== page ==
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Our Nest is a Mess

May 4, 2023

Our Nest is a Mess

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Julie Larsen Julie Larsen

Osprey (Pandion haliaetus) nest watching is a passion of ours. Whenever I visit Maine with my daughter, we stop by Wolfe’s Neck Woods State Park near Freeport on Casco Bay, to see what some of our favorite birds of prey are up to.

The ospreys’ distinctive whistles and chirps echo from the forest behind us. Looking skyward, we watch a pair approach their usual spot high up in a stand of pines on Googins Island, landing one after the other as if they have their own private runway.

The raptors recently returned to the area, as they do each April, after wintering in South America. They have come back to set up their summer home, breed, lay eggs, and raise the season’s family. We’ve photographed many of their life events like teaching their young to fly and fish. This time, it is sprucing up their nest.

It appears the couple is performing an inspection. Then one takes off. The mate that has stayed behind squawks and calls after its partner with a message that seems to say “Hey, I need some help here. Our nest is a mess”.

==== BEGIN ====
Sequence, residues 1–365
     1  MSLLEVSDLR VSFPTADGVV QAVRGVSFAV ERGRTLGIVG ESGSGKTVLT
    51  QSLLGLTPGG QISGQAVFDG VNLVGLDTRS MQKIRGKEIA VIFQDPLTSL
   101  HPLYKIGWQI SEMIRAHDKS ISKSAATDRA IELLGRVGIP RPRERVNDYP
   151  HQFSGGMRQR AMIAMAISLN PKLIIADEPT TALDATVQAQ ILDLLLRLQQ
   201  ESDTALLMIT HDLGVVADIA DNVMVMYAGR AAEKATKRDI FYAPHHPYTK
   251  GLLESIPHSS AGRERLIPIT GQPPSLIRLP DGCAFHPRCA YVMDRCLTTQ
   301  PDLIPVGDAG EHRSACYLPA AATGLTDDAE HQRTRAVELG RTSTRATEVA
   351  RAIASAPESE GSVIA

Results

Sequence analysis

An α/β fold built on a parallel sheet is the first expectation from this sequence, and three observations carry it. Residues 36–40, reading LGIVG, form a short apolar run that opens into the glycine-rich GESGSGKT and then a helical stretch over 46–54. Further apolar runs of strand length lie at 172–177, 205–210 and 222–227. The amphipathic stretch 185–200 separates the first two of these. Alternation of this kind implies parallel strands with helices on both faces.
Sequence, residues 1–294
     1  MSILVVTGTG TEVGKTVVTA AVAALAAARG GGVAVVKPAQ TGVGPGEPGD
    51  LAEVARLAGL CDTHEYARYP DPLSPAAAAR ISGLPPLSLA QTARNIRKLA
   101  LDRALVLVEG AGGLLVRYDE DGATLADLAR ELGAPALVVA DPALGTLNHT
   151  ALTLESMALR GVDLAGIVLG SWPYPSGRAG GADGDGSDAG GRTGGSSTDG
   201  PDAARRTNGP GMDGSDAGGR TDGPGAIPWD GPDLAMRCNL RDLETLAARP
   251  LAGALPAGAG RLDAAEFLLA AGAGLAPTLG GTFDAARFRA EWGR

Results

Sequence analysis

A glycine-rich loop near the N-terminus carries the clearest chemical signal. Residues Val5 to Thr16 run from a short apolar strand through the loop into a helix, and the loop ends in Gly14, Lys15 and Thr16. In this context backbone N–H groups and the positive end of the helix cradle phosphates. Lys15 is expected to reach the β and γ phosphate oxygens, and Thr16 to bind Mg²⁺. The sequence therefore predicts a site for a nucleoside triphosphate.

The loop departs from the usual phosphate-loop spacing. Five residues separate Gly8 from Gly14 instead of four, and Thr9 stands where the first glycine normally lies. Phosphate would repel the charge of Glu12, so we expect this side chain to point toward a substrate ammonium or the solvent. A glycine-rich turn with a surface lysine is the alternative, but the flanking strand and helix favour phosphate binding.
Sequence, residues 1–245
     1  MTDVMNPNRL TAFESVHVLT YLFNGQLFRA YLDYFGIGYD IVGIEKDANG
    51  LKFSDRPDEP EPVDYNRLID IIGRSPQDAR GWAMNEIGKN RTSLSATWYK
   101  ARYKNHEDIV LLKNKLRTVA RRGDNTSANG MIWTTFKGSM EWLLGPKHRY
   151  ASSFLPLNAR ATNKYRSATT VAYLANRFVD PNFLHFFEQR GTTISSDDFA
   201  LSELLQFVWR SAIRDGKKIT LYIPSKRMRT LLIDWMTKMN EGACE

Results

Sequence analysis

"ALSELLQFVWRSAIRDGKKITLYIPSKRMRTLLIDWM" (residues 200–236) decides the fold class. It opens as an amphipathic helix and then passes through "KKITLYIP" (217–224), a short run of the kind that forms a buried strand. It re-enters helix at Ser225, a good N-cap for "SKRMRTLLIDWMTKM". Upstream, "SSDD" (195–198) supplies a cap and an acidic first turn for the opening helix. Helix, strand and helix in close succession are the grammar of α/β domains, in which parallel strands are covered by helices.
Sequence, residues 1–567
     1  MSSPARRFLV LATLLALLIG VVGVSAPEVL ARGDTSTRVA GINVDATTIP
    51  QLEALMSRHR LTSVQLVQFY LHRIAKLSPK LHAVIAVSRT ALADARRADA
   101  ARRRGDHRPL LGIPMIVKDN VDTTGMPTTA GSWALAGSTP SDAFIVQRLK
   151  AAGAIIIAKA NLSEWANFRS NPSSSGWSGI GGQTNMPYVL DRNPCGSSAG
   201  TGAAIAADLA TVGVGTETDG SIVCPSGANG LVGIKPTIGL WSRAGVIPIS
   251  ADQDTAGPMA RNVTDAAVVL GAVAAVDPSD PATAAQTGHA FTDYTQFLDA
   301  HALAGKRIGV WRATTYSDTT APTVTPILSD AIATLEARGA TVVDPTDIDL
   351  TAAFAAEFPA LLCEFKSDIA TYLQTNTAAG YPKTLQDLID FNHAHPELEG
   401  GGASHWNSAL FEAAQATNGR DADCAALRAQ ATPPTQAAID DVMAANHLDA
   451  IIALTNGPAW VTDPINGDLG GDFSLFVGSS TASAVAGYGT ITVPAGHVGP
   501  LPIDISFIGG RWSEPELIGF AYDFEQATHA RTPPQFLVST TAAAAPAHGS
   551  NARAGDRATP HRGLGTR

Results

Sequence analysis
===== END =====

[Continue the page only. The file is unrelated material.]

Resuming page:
Half an hour passes. The osprey on the nest gives up on sounding off, takes flight into the pines behind us, and returns with a perfect pile of sticks, just the size needed to fix up the untidy nest. The large bird flies back and forth for a good part of the afternoon repeating its efforts.

Ospreys are thought to return year after year to the same nest. After generations of adding to it, the raptors can end up with nests 10-13 feet deep and 3-6 feet in diameter according to Cornell’s All About Birds.

We hope the remodeling works. This year’s chicks should hatch in about a month or so, ready for their photo session on our next trip to Wolfe’s Neck Woods.

Nikon D5

Freeport, US Map It


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